Referred to as the “Token Taxonomy Initiative,” the token development project will be built and managed using Ethereum, Hyperledger, Digital Asset’s DAML, and R3’s Corda technologies.

EY, Microsoft, Digital Asset, Banco Santander Join Token Taxonomy Initiative

Some of the prominent members of the Token Taxonomy Initiative include JPMorgan, IBM, Ernst & Young, ConsenSys, Blockchain Research Institute, Microsoft, Web3 Labs, R3, ING, Intel, Komgo, Clearmatics, Digital Asset, and Banco Santander. This, according to announcement made on April 17th, 2019, which also revealed that the token creation initiative will be open and accessible to all users who want to contribute to its ongoing development.

In order to facilitate the creation of project-specific tokens, there will be several workshops conducted and there will also be a Github repository where users can publish their research findings. Additionally, the repository can be used to upload test data which may be related to various blockchain-based token implementation projects.

Standardizing Tokens May Lead To “Great Economic Opportunities”

Commenting on the launch of the Token Taxonomy project, Ron Resnick, the Executive Director at the EEA, remarked:

We are doing this for the greater common good. Standardizing tokens across all networks could hold the key to one of the greatest economic opportunities in modern history.

Marley Gray, the Principal Architect at Microsoft, who has been credited with originally proposing the Token Taxonomy Initiative, noted that his colleagues had conducted a research study - which involved asking various investigative questions. Responding to these questions, Microsoft’s internal business partners mentioned that they were interested in learning more about and improving the existing software licensing process.

Microsoft’s business associates have now reportedly recommended using tokenized and smart contract-enabled software licenses - instead of the traditional licensing process which requires users to register complex holographic IDs for each software license.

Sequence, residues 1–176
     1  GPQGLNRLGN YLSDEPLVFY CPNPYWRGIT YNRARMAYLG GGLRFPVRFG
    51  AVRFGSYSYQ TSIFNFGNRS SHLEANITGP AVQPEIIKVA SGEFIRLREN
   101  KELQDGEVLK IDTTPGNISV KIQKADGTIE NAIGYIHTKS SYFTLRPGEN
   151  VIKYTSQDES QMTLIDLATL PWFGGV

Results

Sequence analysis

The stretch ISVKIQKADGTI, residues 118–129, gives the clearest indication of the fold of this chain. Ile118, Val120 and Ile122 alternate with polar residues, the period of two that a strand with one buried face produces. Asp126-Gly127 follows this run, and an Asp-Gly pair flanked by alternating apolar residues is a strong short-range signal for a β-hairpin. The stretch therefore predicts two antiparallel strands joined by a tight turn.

In statements shared with Coindesk, Gray explained:

The idea is to use a workshop with business people to describe a token completely that services their business requirements. That token itself is composed of reusable components so another group can use those same components to define a slightly different token without redefining all the things that initial group did – so it creates this framework.

"Drag And Drop" To Create Customized Tokens

Gray added that businesses would be able to “grab a non-fungible token and drag it over and then start from a pallet of behaviors” and “drag those behaviors.” This, in a manner which would be similar to how “drag and drop” works on GUI-based operating systems such as Windows and Linux.

According to Gray, this is a user-friendly and intuitive way of defining tokens as users can use easy-to-follow steps and a visual interface to create and issue cryptographic assets

Gray further noted:

An individual [token] behavior could point to a snippet of code for a particular platform, i.e. DAML for some particular behavior would link me to a particular piece of DAML code, or the same for Solidity, or Chaincode.